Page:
The walls of the subway were gritty and the tile was composed of round white pieces like golf balls and they were dotted with signs. ‘Frisco locked me into it, entranced me, the subway tunnels were the veins of it’s grimy body. The layover was fifteen hours so we decided to see fisherman’s wharf and pick up lunch there. In the subway nobody talked except some guys in snap backs and they seemed like friends. A woman came on halfway through and she plugged her ears because the sound of the subway was deafening when it was going.
The subway car hurtled through the tunnel and the tunnel screamed, it was Gabriel’s horn, to accompany the end times. There were empty square places in the subway walls like somebody’d carved them out to live in and they were illuminated by lights and as the car screeched along it was accompanied by streaking trails that the lights left in the blurry windows. The blurriness made my eyes feel blurry. As we accelerated the shriek pulsed and matched up nearly with the flashing light show but it got off by a bit and they were like clashing melodies. The man on the loudspeaker asked someone in a different car to please move his bike out of the aisle and the speaker was tinny and I could barely hear it. After the next stop he asked him again and he seemed frustrated and the guy must have moved it because it wasn’t mentioned again.
When we got off at our stop there were grubby homeless there and they shouted at us spare some change or a SMILE! Any change is good and a smile’s FREE! So Mom smiled at one and he looked at her angrily and she turned and he said she was lookin’ at him like he had two heads and she looked confused. There was an empty wine bottle laying at the top of the stairs from the subway to the street. I looked up and I hadn’t really got a good sense of scale and I thought that there were really two parts to the city, the part that was up and the part that was at street level and you couldn’t see both in one go. I was looking at a big building and I stepped on a wet piece of cardboard and I recoiled. We waited for the cable car to open up but it didn’t for a while. We moved on to another stop and one didn’t come there, either, so we walked along. It was a long walk and strait uphill and a man with a blue turtleneck and a cane and and round glasses and a bald head except on the sides told us it was a ways to the wharf uphill. Then we saw a cable car and Dad ran it down but a car nearly hit him and the security woman on the car stopped it.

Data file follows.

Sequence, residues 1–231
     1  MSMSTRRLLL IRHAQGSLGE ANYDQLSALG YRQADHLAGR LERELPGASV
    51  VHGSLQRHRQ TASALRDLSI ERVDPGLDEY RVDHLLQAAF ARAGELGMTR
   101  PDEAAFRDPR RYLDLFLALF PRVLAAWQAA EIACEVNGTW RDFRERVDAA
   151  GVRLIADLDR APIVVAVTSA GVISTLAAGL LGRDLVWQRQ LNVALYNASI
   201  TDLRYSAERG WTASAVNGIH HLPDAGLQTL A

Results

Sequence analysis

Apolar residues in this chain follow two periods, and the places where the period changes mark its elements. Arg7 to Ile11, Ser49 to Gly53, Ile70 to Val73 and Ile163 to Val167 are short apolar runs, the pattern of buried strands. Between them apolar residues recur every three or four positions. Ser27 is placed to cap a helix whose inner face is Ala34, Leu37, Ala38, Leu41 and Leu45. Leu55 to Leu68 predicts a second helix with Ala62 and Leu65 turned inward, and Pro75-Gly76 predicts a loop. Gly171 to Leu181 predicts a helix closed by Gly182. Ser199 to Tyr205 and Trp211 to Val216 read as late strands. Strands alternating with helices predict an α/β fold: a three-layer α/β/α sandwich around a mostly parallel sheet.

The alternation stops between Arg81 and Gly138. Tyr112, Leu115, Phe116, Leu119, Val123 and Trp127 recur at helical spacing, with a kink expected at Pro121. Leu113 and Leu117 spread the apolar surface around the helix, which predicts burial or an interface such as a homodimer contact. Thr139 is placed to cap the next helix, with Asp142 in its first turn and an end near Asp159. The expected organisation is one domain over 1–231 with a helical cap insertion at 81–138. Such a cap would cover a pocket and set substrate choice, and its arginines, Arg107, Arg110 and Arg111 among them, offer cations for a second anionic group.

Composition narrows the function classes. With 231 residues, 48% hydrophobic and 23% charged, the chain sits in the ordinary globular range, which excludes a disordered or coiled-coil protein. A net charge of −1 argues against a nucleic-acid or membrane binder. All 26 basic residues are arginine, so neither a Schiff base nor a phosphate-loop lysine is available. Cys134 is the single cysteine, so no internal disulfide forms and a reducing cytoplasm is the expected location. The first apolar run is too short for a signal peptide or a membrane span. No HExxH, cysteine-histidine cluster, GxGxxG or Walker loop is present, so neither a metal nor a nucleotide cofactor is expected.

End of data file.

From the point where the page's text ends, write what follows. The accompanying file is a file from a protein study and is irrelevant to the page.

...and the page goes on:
We got on and we got to ride out front and the guy operating it seemed like he’d done it forever. He had a little part in between the two rows of seats in the front and he had to stand there and pull on levers so it would go. He’d stand up on a little platform and push it down with his weight and that would slow us down and sometimes he only put one foot on it. He was a skinny Asian guy and he was probably Chinese because it was real close to chinatown and he had a nice face framed by glasses. The security woman had her hair done in dreds in a ponytail and she seemed serious and capable and she came to the front and carried on nonchalantly with the driver. They talked about things I didn’t understand about the cable cars and I thought that the cable car culture was very developed and the Chinese man worked the levers expertly without thinking while he talked. His voice was friendly like his face.
We got off at the wharf and walked down the street and there were pigeons that dotted the street and ate. We went to a bit where you could see Alcatraz and I liked that. We went into a little museum of coin operated machines and got some change so we could see them go. There was one that was called Opium Den and it had a mess of hunched and haunted doll figures that moved stiffly when you put the quarter in. A serpent entered through the window and skeletons entered from the closets. It was silent but for whirring machinery. Then we put money in one with a drunk tramp that shook his bottle at the ghosts in a grave yard and another with some dirty buffalo that shook their shaggy heads at a dead Indian chief on the ground. There was one you could look into and it showed pictures of the San Francisco earthquake and there were others, too, like some little girls done up like flapper girls in headbands and all and they smiled sweetly and leaned on a railing together.
We ate at a restaurant with live music. It came out the speakers but I could see the singer from our seat. Mom and me got fish tacos and my dad got fish’nchips but they gave us two fish’nchips instead of two fish tacos. We didn’t send it back because we were hungry so me and Mom split the tacos and the fish’nchips in two so we both got half of each. We ate outside on heavy metal chairs and tables and there was a metal rail around the restaurant. On the other side of the rail pigeons walked around and I tossed one a french fry but another pigeon without any toes on one foot took it away. Mom went to wash up and Dad went to pay and I stayed. A woman wanted one of our chairs and I said that was alright because there were only three of us and four chairs. While she dragged it off Dad came back and said hold up, that’s my wife’s chair and I said about how I’d told her it was alright and he nodded and said oh, alright.
Then we went to a shop and mom got a cable car fridge magnet because the bracelet charms were overpriced and I bought some hat pins. I almost tripped on empty ground and my face went red but nobody saw. We wanted to see the Golden Gate but there wasn’t anywhere to see it and we were all tired, anyway, so we went back to the subway. We went down the steps from the street and a hobo with a long beard and a hat and a sign that essentially said gimmie change held his arms out wide and yelled I’ve been right here waiting for you! to us. My mom was nervous but I grinned and the other hobos chuckled and I wanted to give him some change but I spent it on the Opium Den.